Innovation in Translation
How Big Ideas Really Happen
Innovation has a sort of mythic presence in the American psyche. It conjures images of the tech wunderkin raised on VC culture. We see Doc Brown in our minds eye fueling his Delorean with trash, but too eccentric to truly capitalize on his creations. We imagine Nikola Tesla, too single-minded and altruistic to play the capitalist game that would bring his work to market and see it change the world. It’s revealing that so many perceive innovation as a singular undertaking, the purview of fated luminaries marked by the universe for greatness.
As Dave Ferrera shares in Innovation in Translation, this romanticization of the innovator is the result of a primordial grudge between engineer and entrepreneur. It’s a grudge that’s existed since one caveman invented fire while another filed for the patent behind his back. Now we see the beleaguered inventor being swindled by the cigar-gnashing money man and our perceptions crystallize. We love an underdog and there is no greater underdog than the seed of a game changing idea trying to break the soil against the odds.
Yet, Ferrera explains, the relationship between engineer and entrepreneur, between founder and funding, need not be adversarial. In fact, Ferrera argues, the dichotomy is self-imposed and phony. Innovation is a team sport. It takes engineers and entrepreneurs, and many more crucial role players to pull something from the abstract and into reality.
“There is nothing sudden or solo about innovation. It takes years of thoughtful development, testing, and teamwork to really make a new idea happen in the world,” says Ferrera. “Without a team, there is no progress, and this is true of everything from the airplane to the telephone to the personal computer. Progress takes a village.” It’s a difficult notion for Americans to synthesize. As a nation of innovators, the perception of individual exceptionalism is part of our national identity. Yet, the communal mantra of “progress takes a village” is the seed of truth from which Dave Ferrera’s ideas about innovation sprout.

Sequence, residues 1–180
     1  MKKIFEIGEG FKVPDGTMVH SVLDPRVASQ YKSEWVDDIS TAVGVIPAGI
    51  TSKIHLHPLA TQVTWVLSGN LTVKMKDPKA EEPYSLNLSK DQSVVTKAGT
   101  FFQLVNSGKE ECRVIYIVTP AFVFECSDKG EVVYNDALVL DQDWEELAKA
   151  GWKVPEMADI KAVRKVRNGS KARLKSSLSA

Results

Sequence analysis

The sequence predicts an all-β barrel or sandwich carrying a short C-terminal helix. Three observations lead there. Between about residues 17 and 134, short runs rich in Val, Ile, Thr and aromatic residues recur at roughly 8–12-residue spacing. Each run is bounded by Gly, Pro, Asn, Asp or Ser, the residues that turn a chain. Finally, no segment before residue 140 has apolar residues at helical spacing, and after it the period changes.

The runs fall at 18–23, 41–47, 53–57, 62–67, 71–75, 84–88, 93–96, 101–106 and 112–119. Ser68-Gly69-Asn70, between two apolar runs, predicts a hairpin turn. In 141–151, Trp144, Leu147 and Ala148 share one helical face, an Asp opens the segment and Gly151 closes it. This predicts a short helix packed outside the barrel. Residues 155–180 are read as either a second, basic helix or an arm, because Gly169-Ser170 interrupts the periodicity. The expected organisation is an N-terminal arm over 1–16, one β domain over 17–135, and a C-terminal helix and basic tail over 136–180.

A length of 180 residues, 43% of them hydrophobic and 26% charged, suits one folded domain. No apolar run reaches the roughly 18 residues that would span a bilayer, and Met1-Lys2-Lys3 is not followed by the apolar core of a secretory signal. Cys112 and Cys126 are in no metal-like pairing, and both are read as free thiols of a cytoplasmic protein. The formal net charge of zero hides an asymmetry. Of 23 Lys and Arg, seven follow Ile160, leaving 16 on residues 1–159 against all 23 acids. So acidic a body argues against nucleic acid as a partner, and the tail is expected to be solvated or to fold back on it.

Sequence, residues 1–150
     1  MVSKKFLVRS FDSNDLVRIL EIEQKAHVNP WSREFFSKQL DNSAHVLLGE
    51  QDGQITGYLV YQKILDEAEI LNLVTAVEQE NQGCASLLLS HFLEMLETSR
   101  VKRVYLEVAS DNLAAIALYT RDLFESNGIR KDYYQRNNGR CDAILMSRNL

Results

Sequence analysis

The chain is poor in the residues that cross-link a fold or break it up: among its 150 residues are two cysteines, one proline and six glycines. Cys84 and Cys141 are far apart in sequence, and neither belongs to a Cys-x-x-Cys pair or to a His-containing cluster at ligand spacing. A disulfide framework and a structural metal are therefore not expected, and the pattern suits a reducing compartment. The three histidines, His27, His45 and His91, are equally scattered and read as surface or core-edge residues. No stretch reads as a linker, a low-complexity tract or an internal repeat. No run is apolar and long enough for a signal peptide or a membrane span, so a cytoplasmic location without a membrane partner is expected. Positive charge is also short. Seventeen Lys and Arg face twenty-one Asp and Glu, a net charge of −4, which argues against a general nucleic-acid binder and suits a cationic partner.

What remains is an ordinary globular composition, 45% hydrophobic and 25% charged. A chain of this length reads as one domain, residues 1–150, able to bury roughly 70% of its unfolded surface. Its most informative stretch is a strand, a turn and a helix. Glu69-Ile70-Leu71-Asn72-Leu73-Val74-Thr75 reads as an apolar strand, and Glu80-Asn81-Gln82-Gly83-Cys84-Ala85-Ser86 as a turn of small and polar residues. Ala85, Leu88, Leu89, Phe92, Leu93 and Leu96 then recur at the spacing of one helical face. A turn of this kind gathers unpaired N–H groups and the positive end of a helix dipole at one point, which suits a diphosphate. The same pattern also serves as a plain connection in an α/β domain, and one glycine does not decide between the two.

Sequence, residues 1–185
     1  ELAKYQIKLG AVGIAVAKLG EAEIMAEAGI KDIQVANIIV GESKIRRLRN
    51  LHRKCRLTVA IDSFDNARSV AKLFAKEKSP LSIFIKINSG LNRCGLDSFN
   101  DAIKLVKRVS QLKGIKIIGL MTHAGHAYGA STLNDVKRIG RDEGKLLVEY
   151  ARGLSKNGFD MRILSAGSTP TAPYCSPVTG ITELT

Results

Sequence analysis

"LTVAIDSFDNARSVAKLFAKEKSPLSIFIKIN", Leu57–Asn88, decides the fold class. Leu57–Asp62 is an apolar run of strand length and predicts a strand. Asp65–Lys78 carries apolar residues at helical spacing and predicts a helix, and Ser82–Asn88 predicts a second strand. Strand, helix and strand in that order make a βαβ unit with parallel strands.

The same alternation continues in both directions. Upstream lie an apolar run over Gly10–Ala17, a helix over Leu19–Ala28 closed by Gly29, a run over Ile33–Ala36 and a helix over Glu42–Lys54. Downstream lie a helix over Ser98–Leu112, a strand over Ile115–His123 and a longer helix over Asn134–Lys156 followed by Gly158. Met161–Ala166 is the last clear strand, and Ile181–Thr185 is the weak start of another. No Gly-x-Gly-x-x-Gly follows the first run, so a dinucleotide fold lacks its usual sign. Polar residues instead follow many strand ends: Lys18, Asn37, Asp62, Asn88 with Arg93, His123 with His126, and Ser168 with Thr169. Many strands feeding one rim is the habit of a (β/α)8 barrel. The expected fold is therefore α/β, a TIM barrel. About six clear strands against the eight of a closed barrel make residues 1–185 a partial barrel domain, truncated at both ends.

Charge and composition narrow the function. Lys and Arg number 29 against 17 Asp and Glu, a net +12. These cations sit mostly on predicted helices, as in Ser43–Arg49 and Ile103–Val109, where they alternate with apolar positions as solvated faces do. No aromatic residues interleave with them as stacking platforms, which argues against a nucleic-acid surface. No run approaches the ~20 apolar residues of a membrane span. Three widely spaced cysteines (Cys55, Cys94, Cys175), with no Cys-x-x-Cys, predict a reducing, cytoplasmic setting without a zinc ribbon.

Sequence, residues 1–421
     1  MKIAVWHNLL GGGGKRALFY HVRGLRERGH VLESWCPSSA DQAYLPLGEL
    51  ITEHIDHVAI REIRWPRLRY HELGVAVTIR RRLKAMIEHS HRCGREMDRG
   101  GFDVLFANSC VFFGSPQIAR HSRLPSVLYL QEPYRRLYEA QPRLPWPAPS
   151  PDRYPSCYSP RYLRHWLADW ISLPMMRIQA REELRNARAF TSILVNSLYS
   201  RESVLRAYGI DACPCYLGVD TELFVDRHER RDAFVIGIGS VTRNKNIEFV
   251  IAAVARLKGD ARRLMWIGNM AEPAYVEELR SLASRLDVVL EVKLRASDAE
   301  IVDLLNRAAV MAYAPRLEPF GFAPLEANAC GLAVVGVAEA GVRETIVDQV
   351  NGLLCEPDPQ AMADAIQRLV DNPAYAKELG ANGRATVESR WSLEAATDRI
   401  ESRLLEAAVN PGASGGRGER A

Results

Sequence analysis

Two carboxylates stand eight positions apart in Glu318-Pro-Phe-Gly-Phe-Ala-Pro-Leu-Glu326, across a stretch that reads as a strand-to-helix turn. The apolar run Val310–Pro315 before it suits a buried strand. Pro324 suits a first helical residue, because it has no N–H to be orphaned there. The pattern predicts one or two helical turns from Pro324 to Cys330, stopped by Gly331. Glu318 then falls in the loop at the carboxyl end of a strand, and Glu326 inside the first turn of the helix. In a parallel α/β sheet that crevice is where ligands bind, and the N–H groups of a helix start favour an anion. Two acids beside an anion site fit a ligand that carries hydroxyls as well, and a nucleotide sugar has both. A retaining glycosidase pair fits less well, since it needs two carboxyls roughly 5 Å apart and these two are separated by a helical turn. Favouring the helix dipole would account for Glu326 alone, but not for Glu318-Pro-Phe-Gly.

Dave invites the reader along as he travels the world chasing talent, testing new products, and targeting investors for new companies, ideas, and opportunities. Based on firsthand, real world examples from Ferrera’s long history as both engineer and entrepreneur, Innovation in Translation will give you the inside savvy needed to be the coach of your own innovation team and win your market share while entertaining you with edge-of-your-seat stories from the front lines of innovation.